Density Box


Why does water in a lake turn over with the seasons? Why does warm air rise? Why does wood float but metal sink? It all has to do with density. This demonstration makes density differences visible and distinct.


  • Density
  • Convection currents
  • Differential heating


Food coloring, blue
Food coloring, red
Water, tap, cold, 500 mL
Water, tap, hot, 500 mL
Beakers, 600-mL, 2
Density Box Demonstration Device
Grease (petroleum jelly)

Safety Precautions

The materials used in this demonstration are considered nonhazardous. Care should always be taken with hot water. Food coloring can stain clothing and other materials. Always follow safe lab procedures in any demonstration. Wear chemical splash goggles, a chemical-resistant apron and chemical-resistant gloves.


Please consult your current Flinn Scientific Catalog/Reference Manual for general guidelines and specific procedures, and review all federal, state and local regulations that may apply, before proceeding. The water may be flushed down the drain according to Flinn Suggested Disposal Method #26b.


  1. Locate the density box demonstration apparatus. Slide the central divider in and out of the apparatus to be sure it is functioning properly. Use a thin layer of grease (such as petroleum jelly) to lubricate and help to form a seal between the two chambers. Note: The seal does not have to be 100% water tight for the demonstration to work.
  2. Place the center dividing wall securely in place.
  3. Obtain about 500 mL of cold tap water in a beaker. Add enough blue food coloring to make the cold water a dark blue color.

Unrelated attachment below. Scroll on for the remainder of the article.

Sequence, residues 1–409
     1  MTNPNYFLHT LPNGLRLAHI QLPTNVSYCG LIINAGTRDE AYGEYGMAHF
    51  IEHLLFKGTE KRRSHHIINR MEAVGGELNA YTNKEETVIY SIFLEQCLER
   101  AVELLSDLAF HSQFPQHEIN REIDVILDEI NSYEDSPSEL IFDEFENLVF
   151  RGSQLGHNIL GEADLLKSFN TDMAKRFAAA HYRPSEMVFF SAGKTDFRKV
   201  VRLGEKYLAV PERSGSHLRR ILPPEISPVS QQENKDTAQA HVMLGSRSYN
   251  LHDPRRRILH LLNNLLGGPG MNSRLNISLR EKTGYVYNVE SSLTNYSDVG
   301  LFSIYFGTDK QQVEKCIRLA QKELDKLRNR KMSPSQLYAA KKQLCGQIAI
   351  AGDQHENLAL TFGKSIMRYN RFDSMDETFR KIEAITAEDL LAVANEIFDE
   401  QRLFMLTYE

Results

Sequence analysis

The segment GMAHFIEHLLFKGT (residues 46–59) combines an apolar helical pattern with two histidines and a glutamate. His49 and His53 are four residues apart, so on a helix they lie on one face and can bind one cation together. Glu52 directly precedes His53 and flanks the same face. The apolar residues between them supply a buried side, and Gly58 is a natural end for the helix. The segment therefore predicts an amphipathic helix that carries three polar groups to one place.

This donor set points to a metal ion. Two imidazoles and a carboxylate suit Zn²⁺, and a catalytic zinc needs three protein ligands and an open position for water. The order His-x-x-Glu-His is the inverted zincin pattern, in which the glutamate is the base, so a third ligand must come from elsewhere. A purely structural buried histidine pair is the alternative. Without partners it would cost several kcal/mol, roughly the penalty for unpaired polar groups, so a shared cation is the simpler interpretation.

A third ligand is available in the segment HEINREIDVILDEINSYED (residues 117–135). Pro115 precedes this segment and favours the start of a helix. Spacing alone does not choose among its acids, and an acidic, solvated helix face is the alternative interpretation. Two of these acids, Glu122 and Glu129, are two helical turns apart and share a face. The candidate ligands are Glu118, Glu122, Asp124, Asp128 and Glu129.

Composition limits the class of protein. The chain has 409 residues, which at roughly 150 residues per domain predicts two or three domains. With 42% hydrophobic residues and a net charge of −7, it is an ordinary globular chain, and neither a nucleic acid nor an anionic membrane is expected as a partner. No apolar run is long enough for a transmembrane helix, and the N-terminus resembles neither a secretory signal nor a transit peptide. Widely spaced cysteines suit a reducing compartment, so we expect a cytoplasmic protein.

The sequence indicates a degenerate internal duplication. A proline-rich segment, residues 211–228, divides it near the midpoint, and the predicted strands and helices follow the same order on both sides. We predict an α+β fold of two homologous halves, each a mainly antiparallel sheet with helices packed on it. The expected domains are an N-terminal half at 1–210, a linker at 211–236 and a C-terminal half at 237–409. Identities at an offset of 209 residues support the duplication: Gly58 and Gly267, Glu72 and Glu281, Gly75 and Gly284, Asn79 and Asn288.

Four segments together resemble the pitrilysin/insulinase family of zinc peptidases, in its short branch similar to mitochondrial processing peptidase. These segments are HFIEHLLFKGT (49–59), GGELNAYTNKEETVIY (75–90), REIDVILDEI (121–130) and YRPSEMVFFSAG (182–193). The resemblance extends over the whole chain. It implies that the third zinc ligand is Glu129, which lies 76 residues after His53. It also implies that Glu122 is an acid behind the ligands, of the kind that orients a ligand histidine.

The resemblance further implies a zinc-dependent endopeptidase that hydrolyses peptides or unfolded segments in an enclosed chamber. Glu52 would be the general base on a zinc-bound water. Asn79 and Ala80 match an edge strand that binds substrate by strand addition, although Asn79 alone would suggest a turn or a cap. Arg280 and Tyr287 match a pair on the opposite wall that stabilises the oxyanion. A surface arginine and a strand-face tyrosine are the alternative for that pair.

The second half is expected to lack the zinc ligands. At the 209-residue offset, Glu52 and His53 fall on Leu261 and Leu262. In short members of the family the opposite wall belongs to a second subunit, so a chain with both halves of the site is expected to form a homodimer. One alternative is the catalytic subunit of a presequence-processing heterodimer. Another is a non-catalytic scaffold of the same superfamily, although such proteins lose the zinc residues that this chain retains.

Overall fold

4. Obtain about 500 mL of hot tap water in a different beaker. Add enough red food coloring to make the hot water a dark red color.
  5. Simultaneously pour the hot water and the cold water into the separated halves of the chamber—red on one side and blue on the other (see Figure 1). If water is not poured simultaneously, there may be seepage from one side to the other.
    {12933_Procedure_Figure_1_Density chamber with center wall in place}
  6. Wait about 20–30 seconds to allow any turbulence to subside.
  7. Carefully lift the dividing wall from the chamber. Observe the results (see Figure 2).
    {12933_Procedure_Figure_2_Density chamber after removing center wall}

Teacher Tips

  • Usually the two extremes of tap water (hottest and coldest) work fine without needing to heat or cool the water by other measures. You might experiment with greater extremes.
  • Practice your technique of slowly removing the center wall prior to doing the demonstration with students.

Correlation to Next Generation Science Standards (NGSS)

Science & Engineering Practices

Asking questions and defining problems
Developing and using models

Disciplinary Core Ideas

MS-PS3.A: Definitions of Energy
MS-ESS2.C: The Roles of Water in Earth’s Surface Processes
HS-PS3.A: Definitions of Energy
HS-PS3.B: Conservation of Energy and Energy Transfer
HS-ESS2.A: Earth’s Materials and Systems
HS-ESS2.C: The Roles of Water in Earth’s Surface Processes

Crosscutting Concepts

Cause and effect
Scale, proportion, and quantity
Systems and system models
Stability and change
Energy and matter

Performance Expectations